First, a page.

Unilever-Enough Partnership to Expand Plant-Based Meat Innovation with Abunda Mycoprotein
Unilever is partnering with food-tech company Enough (formerly 3F BIO) to bolster its plant-based strategy by tapping into technology that uses a zero-waste fermentation process to grow a high-quality protein.
Natural fungi are fed with renewable feedstock, such as wheat and corn, to produce Abunda mycoprotein, a complete food ingredient containing all essential amino acids and high in dietary fiber.
Pegged as a “game-changing” protein, Abunda is a natural fit for Unilever’s fast-growing meat-alternative brand, The Vegetarian Butcher, which saw a 70 percent growth last year, uses a diverse blend of plant-based proteins to create meat-like tastes and textures for its wide-ranging portfolio.
Carla Hilhorst, EVP of R&D, Foods and Refreshment, Unilever, explains the key consumer trends and market dynamics driving the company’s continued plant-based push and how this latest partnership with Enough is a significant part of this strategy.
“As one of the world’s largest food companies, we have a critical role to play in helping to transform the global food system. It’s not up to us to decide for people what they want to eat, but it is up to us to make healthier and plant-based options accessible to all,” says Hilhorst.
“We chose Abunda because it has a clean, neutral taste, is highly nutritious (high in protein, fiber and zinc, low in fat and free of cholesterol), and is produced using a highly efficient, zero-waste process.”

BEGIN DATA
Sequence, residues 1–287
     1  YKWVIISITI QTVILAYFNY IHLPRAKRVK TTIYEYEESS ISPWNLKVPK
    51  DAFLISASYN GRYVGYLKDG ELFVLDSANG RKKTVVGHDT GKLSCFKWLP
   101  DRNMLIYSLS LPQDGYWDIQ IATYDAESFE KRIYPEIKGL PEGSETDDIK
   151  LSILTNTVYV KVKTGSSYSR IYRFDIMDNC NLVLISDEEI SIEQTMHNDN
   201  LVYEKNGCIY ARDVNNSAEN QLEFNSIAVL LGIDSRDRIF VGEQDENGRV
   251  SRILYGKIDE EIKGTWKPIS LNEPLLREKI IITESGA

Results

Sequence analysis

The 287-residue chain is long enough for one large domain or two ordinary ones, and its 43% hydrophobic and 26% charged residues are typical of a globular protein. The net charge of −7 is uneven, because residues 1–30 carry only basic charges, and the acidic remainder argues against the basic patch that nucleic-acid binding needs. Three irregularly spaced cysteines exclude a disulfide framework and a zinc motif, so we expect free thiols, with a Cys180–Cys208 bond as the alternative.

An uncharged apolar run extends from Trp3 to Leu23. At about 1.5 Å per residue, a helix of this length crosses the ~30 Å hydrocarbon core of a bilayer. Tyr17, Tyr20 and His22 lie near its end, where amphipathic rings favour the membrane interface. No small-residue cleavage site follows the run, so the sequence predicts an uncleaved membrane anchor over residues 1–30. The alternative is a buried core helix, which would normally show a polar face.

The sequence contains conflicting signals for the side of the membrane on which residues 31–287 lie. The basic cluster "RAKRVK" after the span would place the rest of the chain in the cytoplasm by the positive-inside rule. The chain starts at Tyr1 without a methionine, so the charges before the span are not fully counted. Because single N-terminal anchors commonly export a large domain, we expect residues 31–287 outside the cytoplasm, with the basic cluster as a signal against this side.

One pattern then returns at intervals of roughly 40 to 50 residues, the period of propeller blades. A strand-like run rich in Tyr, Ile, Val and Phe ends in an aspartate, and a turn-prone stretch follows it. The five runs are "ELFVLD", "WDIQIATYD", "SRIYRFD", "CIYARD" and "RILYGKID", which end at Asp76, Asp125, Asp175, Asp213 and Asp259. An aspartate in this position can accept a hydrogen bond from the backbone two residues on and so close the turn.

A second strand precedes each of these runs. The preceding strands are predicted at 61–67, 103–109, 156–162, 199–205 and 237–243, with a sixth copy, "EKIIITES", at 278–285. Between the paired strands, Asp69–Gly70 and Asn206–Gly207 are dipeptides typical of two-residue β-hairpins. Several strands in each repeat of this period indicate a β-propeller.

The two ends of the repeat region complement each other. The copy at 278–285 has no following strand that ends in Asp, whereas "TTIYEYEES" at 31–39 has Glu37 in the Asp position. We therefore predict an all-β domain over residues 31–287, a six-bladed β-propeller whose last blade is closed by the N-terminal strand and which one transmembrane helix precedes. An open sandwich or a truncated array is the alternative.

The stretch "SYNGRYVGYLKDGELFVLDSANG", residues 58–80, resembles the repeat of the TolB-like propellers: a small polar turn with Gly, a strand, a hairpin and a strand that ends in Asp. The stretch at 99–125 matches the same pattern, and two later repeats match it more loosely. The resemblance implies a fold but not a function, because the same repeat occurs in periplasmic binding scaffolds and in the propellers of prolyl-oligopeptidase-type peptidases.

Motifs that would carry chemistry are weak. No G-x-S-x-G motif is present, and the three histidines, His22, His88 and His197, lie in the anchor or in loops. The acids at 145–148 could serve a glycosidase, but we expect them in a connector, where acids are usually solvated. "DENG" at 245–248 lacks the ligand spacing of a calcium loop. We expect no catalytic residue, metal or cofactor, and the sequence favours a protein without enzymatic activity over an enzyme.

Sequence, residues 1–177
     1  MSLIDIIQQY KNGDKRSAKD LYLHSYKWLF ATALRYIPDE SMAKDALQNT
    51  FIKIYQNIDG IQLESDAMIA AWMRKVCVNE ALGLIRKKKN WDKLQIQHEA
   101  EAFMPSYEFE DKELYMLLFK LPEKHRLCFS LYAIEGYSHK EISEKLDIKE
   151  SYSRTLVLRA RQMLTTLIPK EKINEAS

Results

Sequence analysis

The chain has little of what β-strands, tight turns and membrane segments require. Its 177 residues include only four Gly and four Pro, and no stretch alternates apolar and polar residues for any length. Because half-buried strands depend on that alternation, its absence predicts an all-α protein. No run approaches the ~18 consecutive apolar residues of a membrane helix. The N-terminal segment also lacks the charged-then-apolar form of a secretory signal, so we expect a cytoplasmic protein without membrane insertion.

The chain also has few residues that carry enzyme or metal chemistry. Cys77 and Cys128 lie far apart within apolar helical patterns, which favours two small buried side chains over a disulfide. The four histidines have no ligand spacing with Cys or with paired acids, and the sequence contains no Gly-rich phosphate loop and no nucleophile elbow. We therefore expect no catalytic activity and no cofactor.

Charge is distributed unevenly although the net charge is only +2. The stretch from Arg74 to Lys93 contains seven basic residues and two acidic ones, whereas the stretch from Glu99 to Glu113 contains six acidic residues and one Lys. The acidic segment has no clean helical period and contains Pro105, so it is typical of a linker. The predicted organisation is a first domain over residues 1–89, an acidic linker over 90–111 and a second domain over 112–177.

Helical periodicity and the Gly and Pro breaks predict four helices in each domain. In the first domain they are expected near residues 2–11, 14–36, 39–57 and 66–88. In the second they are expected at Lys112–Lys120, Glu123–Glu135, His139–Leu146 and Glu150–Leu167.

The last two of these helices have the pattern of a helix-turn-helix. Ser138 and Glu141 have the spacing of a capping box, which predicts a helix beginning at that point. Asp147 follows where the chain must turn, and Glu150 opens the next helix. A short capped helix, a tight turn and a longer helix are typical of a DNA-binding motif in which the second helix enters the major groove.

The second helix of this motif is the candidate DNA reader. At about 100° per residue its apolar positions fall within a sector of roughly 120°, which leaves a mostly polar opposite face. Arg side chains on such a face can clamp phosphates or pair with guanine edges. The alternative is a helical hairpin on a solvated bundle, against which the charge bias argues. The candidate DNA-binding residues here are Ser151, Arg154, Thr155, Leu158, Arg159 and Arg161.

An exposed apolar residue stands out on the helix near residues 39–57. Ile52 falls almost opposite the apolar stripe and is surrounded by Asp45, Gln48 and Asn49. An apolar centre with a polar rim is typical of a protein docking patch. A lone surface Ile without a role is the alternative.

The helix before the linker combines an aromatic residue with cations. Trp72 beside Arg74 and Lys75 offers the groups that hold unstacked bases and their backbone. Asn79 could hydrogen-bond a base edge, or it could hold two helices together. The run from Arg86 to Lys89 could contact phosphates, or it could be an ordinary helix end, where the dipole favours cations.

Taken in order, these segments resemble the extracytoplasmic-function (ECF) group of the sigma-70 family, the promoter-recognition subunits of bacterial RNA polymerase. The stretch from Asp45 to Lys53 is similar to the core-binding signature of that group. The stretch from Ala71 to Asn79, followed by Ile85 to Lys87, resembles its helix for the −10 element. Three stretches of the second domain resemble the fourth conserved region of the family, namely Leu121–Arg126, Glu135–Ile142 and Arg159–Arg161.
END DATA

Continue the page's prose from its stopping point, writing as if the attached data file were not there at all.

Initially, Abunda will be applied to Unilever’s existing meat products under The Vegetarian Butcher brand, but Hilhorst explains the potential to use the technology to innovate new products.
“The Vegetarian Butcher has always explored different proteins as one of the pioneers in the plant-based meat space. There is beauty in blending proteins, and ultimately you need to use the combined properties of many ingredients to create the complex taste and textures our Vegetarian Butcher products are famous for. Abunda will play an important role in the texture of the brand’s future products.”
“We also see potential in other areas where sustainable protein is important, such as non-dairy ice cream or healthy snacking,” Hilhorst reveals.
Alt-meat in fast food
Earlier this year, Unilever’s plant-based brand also expanded its partnership with fast food giant Burger King to launch the Plant-Based Whopper in Latin America, the Caribbean and China. It also produces Plant-Based Nuggets and the Vegan Royale.
The Vegetarian Butcher – which Unilever acquired in 2018 – has a growing portfolio of products targeting meat lovers and flexitarians, vegetarians and vegans alike. It also recently launched a vegan Raw Burger, delivering a beef burger’s taste and juicy tenderness cooked rare.